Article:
Nine strains of L. monocytogenes and one strain of L. plantarum were used in this study. The strains of L. monocytogenes were characterized as previously described (Table 1). Eight strains were persistently collected from the meat industry in Spain. The strains were chosen because they were previously fully characterized, some were whole genome sequenced, and represented different PFGE types and antimicrobial susceptibilities. Although the number of strains is limited, they are representative of the main subtypes of L. monocytogenes found in the meat processing environments. Listeria monocytogenes EGD-e was used as control/laboratory strain.
Lactobacillus plantarum strain LB95 was collected from the fermented olives of Portuguese cultivars. Multiple bacterial species were able to coexist and form biofilms in food processing plants. Lactobacillus was chosen as an example or as a model of non-pathogenic bacteria, which are common in foods and food processing environments. The mixed biofilms of Listeria-Lactobacillus were considered as a good model because it has been recognized to be more likely that one particular type of pathogen would form mixed biofilms with commensal or spoilage bacteria, which are more common in the environment (Wang, 2019).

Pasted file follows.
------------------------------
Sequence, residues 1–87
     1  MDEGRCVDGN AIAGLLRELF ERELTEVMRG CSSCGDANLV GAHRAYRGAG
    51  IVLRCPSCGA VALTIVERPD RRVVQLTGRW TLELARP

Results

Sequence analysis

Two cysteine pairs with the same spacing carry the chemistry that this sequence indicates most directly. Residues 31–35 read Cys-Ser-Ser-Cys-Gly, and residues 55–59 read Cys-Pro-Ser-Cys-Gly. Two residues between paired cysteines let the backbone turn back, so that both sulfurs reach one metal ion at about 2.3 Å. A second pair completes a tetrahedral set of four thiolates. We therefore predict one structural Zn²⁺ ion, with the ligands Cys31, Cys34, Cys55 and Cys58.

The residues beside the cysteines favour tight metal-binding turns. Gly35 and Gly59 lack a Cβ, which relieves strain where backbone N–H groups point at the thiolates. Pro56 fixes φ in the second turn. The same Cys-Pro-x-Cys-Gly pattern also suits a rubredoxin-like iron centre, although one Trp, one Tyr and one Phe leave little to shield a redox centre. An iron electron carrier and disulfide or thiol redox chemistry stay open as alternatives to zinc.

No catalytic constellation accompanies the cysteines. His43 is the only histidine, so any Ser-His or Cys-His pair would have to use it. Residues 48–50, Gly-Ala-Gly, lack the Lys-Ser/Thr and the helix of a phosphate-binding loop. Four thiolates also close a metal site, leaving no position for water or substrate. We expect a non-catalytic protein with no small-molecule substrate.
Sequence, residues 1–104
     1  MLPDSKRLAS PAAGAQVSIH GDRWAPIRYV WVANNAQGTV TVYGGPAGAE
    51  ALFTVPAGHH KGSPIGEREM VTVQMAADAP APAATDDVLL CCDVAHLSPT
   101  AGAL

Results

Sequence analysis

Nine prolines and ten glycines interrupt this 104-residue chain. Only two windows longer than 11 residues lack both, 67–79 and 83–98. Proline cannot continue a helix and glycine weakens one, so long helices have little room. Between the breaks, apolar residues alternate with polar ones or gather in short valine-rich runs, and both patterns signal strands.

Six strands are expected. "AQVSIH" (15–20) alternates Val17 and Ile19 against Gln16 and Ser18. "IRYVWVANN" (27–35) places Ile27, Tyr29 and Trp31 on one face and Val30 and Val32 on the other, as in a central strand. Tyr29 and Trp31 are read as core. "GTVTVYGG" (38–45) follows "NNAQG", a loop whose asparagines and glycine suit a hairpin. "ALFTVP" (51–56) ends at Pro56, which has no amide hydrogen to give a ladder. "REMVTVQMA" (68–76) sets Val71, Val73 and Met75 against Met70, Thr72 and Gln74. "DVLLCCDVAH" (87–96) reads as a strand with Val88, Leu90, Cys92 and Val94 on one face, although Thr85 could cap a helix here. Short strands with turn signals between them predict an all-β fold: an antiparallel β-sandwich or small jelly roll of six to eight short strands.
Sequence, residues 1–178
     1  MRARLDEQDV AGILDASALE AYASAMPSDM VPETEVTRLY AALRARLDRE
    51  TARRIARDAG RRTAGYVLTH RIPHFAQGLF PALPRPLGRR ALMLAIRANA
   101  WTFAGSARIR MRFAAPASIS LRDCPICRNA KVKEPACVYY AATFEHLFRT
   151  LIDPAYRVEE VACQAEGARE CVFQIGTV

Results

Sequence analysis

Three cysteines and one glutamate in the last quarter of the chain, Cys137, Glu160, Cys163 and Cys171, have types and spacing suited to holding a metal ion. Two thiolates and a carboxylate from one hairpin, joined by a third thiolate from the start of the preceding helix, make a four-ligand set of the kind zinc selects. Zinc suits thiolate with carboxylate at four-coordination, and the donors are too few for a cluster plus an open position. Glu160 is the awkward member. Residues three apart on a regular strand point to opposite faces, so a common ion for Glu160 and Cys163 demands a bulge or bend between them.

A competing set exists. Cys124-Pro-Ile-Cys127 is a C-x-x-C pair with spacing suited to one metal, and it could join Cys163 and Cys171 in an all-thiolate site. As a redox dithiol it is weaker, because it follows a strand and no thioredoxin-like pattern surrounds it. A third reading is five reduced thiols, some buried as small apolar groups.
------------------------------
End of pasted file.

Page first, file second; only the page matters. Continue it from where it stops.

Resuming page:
Cultures were maintained on tryptic soy yeast extract broth (TSB-YE; Biokar Diagnostics, Beauvais, France) containing 15% (v/v) glycerol and stored at −80°C. Listeria monocytogenes strains from the −80°C stock collection were streaked onto tryptone soy yeast extract agar (TSA-YE) and grown overnight at 37°C. Lactobacillus plantarum was streaked onto Man-Rogosa-Sharpe (MRS; Biokar Diagnostics, Beauvais, France) and grown for 48 h at 37°C. Subsequently, isolated colonies were picked from the plates to prepare a work collection into the respective semi-solid medium [MRS was supplemented with CaCO3 (1 g L−1) in order to neutralize the acid produced and preserve the viability of the cultures (Kirsop and Snell, 1984)]. After incubation the work collection was kept at 4°C until use.
In order to prepare the inocula for producing pure culture biofilms, L. monocytogenes strains from the work collection were inoculated onto TSA-YE plates. After a 24 h period of incubation at 37°C, the inocula was prepared by suspending one isolated bacterial colony in 10 ml of TSB-YE or 1/10 diluted TSB-YE (approximately 107 CFU ml−1 confirmed through plating). Similarly, L. plantarum was inoculated onto MRS agar and incubated for 48 h at 37°C. After this period, the procedure for inocula preparation was the same as for L. monocytogenes strains. The use of 1/10 diluted TSB-YE compared with the control rich medium (TSB-YE) intended to mimic the situation of biofilm formation after a deficient cleaning procedure in the food processing industry.